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Sunday, August 29, 2010

The Columbia River

(Right click on highlighted text and photogaphs)

I fell in love with the Columbia River the first time I saw it at the Bonneville Dam. It had long been neutered by 450 dams and brought to its knees, as rivers go, by the time I saw it. But still the river focuses my attention and holds me in awe. It continues to be a mighty statement of endurance and continuity in a human world where all that is held dear may vanish at the stroke of a pen in an office on Wall Street or Washington.

The photograph below is of the Astoria-Megler Bridge in Astoria Oregon, (eight miles from the mouth of the Pacific Ocean)and is my attempt to represent the eternal nature of the river and the creatures that live from it. Long after man is washed off the shoreline out of existence this river will keep rolling and the life that remains will regroup and reorganize itself by virtue of the intelligence that brings life from inert materials. Some may think this gives them the right to pursue activities that harm it. Others see the river as a moral responsibility that begs them to treat it with respect. Thankfully the river is going to outlast the 450 dams and anyone that may build another dam. I’m gonna sit here and watch it as long as I can.

The Columbia River has quite a history.
The gorge was formed after at least a hundred pre-historic floods the size and cataclysmic violence of which the world had not seen before or since. These floods are now known as the Bretz floods. This designation is for the geologist Harlen Bretz who proved to the satisfaction of his scientific rivals after decades of debate, how the area got its topography. These floods came and went during the last ice age over a period of more than two thousand years. The result today is one of the most breathtaking places on the planet. Not only does the gorge offer spectacular vacation sights, but it allows you to see how it was swept clean and easily inspect layer upon layer the rock formations as they were laid down in lava flow after lava flow. I recommend buying this book.

“Did you know that the largest floods to occur on the planet happened here? During the last ice age, ice sheets covered much of Canada. One lobe of ice grew southward, blocking the Clark Fork Valley in Idaho. This 2,000 foot (600 meters) high ice dam blocked the river, creating a lake that stretched for hundreds of miles. When the lake was full, it contained 600 cubic miles (2,500 cubic kilometers) of water. How much is that? Imagine a block of water a mile high (as high as the mountains around Bonneville Dam), a miles wide, and stretching from Bonneville Dam to San Francisco!

Eventually, water traveled under the ice dam. The water drained out of the lake in two or three days, flooding eastern Washington. The flood, moving up to sixty miles per hour, scoured out hundreds of miles of canyons called coulees, created the largest waterfall to ever exist, and left 300 foot (90 meter) high gravel bars. At Bonneville, the water crested at 650 feet (200 meters). If you look on the cliffs southeast of the dam, you will see a transmission tower (the one with three poles) that is 200 feet (60 meters) above the high water mark.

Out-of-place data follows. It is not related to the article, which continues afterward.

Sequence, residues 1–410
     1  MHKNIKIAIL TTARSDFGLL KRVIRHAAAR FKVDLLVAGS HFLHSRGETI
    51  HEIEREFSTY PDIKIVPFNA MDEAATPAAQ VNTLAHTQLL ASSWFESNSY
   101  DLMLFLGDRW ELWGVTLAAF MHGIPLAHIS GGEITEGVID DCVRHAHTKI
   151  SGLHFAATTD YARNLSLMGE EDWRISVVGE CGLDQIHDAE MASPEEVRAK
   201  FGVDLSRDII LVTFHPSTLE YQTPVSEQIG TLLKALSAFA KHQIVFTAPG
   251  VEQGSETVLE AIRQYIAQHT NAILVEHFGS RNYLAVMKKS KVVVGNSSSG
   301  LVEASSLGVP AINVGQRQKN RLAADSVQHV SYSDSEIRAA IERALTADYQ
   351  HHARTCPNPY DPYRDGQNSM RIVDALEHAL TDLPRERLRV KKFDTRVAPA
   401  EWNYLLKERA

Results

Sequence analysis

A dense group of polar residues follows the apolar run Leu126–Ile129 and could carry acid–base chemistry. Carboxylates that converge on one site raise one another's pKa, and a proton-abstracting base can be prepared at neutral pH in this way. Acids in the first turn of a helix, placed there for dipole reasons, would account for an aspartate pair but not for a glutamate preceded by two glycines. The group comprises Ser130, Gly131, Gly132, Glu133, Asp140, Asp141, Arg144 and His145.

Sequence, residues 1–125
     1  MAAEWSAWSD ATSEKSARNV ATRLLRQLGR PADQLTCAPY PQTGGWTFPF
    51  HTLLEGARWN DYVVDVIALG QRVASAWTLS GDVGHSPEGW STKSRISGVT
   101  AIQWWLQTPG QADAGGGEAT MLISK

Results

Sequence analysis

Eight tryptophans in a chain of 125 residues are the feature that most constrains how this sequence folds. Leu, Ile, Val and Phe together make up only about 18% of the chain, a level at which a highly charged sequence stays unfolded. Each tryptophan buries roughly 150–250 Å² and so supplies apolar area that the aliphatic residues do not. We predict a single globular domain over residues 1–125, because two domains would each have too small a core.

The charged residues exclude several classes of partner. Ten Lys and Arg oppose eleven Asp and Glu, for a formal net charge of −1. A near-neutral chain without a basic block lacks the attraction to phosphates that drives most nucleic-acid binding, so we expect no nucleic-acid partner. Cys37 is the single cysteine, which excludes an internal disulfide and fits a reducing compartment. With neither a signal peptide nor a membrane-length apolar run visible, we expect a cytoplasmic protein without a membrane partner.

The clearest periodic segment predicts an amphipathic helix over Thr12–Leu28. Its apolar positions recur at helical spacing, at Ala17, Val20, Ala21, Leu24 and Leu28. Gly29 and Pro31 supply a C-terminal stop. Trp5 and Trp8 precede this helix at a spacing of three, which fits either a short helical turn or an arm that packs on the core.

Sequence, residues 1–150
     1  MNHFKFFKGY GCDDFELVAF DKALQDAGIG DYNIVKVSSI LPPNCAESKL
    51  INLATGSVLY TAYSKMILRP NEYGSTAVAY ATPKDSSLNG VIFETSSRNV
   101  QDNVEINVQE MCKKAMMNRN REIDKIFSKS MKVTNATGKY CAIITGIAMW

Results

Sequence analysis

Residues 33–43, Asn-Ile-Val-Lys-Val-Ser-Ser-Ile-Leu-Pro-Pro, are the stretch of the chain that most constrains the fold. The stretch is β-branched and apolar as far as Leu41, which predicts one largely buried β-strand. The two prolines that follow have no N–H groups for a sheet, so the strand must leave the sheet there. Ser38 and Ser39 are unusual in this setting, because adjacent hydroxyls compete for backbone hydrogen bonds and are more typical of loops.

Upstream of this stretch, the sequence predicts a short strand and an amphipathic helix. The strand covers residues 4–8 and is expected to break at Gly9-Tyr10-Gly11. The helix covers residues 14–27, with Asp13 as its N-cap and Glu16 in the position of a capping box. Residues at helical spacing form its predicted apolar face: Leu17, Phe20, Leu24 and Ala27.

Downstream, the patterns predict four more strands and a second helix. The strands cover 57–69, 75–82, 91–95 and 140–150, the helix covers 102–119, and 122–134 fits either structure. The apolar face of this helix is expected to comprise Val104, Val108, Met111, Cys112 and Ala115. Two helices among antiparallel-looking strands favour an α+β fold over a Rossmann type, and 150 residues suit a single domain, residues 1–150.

During a period of 2,500 years as many as 100 of these floods scoured the Gorge.” Quotation from the USGS at the link above.

In the United States, the Columbia River is rivaled only by the Mississippi / Missouri river systems. The Mississippi, however, does not offer the spectacular signs of the geologic past that the Columbia River gorge offers even the casual tourist

Traditionally designated "The Great river of the West", scientists who think about these things categorize the Columbia as an endangered river. Its huge flow of water has been harnessed by as many as 450 dams. No other river system in the world has as many dams. At one time the area was an almost unlimited source of food and fur products for the entire world. Now those resources are inconsequential at best when compared to what appeared to be an inexhaustible quantity.

The witness in the diaries of the Lewis and Clark expedition tells of an amount of fish so staggering that it was almost beyond comprehension.
Today the fur trade is negligible if not absent, salmon fishing is reduced to the point that the salmon is endangered, and the river itself, choked with more than 400 dams bears no resemblance to the river that carved out the 3000 foot walls of the Columbia River gorge through which it passes.

This land is our land. Let’s not shit in our own bed anymore. If we do we have no reason to ask why it stinks.

This is a
Never forget, never again
4 / 20 / 2010

Copyright 2010 with thanks to the sources referenced by my links and in quotes.

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A practitioner of the art of living with the intent of learning how to die without fear.